2. I disagree with your message. You’re not expected to agree with absolutely everything that the preacher preaches. I get it. Every preacher gets it. We don’t have the corner market on complete absolute truth. But have you ever stopped and asked yourself, “Knowing that the pastor has studied all week-long for his sermon today, could it be that he actually knows more about this subject than I?” If the answer is ‘no,’ then maybe you need to consider what Paul the apostle said: All Scripture is given by inspiration of God, and is profitable for doctrine, for reproof, for correction, for instruction in righteousness, that the man of God may be complete, thoroughly equipped for every good work (2 Timothy 3:16-17). Notice that the ‘Scriptures’ are what is necessary for correction, not your interpretation of a passage or your disagreement or whatever else you may be thinking. A pastor needs gentle correction from the Word of God just as much as you do. Consider how you may do this showing him the kindness and love that he needs. Remember this rule? “Do unto others as you would have them do unto you.” Consider this better still, “Say unto others what you would have them say to you.”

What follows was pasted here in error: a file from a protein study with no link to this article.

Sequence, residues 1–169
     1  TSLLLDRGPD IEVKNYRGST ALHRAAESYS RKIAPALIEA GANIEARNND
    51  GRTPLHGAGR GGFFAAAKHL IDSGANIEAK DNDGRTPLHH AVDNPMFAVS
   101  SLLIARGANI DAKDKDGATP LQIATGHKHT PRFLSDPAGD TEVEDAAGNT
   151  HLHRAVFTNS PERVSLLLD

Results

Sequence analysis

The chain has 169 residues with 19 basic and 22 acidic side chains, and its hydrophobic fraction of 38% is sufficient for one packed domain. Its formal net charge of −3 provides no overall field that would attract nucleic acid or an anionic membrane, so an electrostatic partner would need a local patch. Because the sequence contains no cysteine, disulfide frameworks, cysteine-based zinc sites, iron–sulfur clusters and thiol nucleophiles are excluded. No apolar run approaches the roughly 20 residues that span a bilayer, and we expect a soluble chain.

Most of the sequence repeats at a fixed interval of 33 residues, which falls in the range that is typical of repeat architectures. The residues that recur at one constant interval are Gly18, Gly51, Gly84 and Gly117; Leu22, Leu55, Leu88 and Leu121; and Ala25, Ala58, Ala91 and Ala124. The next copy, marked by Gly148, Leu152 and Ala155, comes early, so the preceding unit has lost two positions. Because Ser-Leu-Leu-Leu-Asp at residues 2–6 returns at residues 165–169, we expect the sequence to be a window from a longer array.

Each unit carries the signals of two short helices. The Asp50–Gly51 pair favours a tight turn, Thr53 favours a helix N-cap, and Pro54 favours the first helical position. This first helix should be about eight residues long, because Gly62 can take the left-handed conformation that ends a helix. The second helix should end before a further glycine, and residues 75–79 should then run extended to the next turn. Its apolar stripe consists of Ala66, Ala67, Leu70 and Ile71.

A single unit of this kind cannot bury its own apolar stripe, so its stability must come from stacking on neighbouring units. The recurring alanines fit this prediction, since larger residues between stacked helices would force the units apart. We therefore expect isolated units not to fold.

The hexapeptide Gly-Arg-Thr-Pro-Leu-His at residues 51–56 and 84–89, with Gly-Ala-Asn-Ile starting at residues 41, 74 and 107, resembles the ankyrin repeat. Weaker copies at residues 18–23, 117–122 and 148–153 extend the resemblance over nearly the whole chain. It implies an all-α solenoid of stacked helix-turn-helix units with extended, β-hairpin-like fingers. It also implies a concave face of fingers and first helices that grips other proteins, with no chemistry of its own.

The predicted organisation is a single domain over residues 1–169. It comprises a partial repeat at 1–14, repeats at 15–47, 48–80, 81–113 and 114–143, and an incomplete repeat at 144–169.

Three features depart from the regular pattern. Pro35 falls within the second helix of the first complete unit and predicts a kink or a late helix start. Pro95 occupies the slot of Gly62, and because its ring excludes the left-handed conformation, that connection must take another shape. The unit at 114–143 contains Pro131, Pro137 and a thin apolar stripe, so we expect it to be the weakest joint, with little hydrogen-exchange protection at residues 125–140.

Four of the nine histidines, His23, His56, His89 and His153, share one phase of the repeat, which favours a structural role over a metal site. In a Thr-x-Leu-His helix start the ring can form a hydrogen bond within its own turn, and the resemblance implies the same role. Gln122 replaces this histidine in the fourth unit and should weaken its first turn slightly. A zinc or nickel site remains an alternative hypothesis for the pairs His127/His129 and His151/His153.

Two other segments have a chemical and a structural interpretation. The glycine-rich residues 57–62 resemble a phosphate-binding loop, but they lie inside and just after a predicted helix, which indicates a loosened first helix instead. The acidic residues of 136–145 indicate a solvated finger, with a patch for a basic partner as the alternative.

3. I really wish you would’ve said this in your message today. Have you ever stopped to consider that perhaps the pastor thought about saying that very thing but the Lord told him not to? There are always issues in the church that need to be addressed, but that doesn’t mean that they need to necessarily be addressed from the pulpit. Moreover, timing on certain things is of utmost importance. Perhaps the pastor knows that he needs to wait to say what it is that you think he needs to say at a different time in a different way than what you might be thinking. Micaiah the prophet said: As the Lord lives, whatever the Lord says to me, that I will speak (1 Kings 22:14). Stop and consider the time and preparation that your pastor puts into his sermons and lessons. His main goal is to say that which the Lord has said to him. We as pastors don’t want to say anymore or any less than what our Lord Jesus Christ desires. This means that you don’t have to tell him what he should and should not have said in his message. Moreover, it may be that you missed what the Lord was saying because you focused so much on what you thought he should’ve said.